Then, for the testing regimen, you’ll need to, first,

  • turn on main power pack supply #1 and make sure you can detect the voltage on the power pack buss. Then, turn on #2 and check it.

  • Next, check the outlet voltage from the block power pack selection relay, which should default to pack #1. Activate it to check that pack #2 can be selected.

  • Then turn on the block power off/on relay, which defaulted off, and make sure that it passes current.

  • Then check the voltage on the DPDT forward/reverse relay, to make sure the polarity is correct. Then, activate that relay and check that the polarity reverses.

I’ve mentioned before that the folks at AB Electronics have provided some great code for testing. I’ve cobbled together some code based on theirs that allows you to test the power side of the relays as described above. It’s fairly flexible, allowing you to turn on the relays as described, working your way block-by-block. My modified code follows, with apologies to the AB-E folks. As before, make sure you have copied files ABE_IoPi.c and ABE_IoPi.h into the same directory as your test code, which I’ve named IO_Pi_test2.c which follows below.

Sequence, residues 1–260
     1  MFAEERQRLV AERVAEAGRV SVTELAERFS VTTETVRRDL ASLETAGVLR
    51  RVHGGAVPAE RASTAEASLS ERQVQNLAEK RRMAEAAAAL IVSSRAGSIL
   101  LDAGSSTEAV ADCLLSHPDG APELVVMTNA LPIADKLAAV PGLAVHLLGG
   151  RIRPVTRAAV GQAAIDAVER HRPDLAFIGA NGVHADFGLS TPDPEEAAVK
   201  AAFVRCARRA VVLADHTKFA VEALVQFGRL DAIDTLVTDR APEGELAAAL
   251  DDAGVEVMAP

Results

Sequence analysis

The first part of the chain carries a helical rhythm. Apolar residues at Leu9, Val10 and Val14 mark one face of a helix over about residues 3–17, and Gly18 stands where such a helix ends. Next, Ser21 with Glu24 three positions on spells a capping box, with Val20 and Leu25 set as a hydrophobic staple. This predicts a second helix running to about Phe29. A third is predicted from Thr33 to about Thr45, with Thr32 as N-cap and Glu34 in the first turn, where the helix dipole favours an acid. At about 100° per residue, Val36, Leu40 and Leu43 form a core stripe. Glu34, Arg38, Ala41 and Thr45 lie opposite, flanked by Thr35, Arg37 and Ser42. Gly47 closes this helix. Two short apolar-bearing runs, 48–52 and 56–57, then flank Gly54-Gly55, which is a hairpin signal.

Be sure you have made the change in ABE_IoPi.c described in my previous post. Assume your code is named IO_Pi_test2.c in which case you’ll need to build your code with the following line:

gcc ABE_IoPi.c IO_Pi_test2.c -o test2

then run with


My approach deals with the fact that we have eight sets of four relays in series, and that testing them one-by-one would involve an inordinate amount of repetitive work. The code I’ve provided works its way through each set of relays, allowing you to logically find short circuits or open circuits. This cuts the amount of work considerably.

Here’s a recent version of the C test code, IO_Pi_test2.c. A few quirks should be mentioned, as discussed in comments below. You’ll need to do some code modifications to adapt the code to your own needs, of course. I include it here only as an example of what to do for similar applications.